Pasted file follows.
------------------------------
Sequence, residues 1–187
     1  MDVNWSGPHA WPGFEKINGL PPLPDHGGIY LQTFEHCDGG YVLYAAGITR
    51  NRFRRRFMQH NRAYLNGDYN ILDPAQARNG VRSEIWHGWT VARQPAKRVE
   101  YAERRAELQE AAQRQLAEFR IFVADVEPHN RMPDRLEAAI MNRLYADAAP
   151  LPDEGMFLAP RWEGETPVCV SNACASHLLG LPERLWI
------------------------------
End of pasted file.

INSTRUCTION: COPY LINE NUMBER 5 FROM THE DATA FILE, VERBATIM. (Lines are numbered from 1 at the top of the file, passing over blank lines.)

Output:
   151  LPDEGMFLAP RWEGETPVCV SNACASHLLG LPERLWI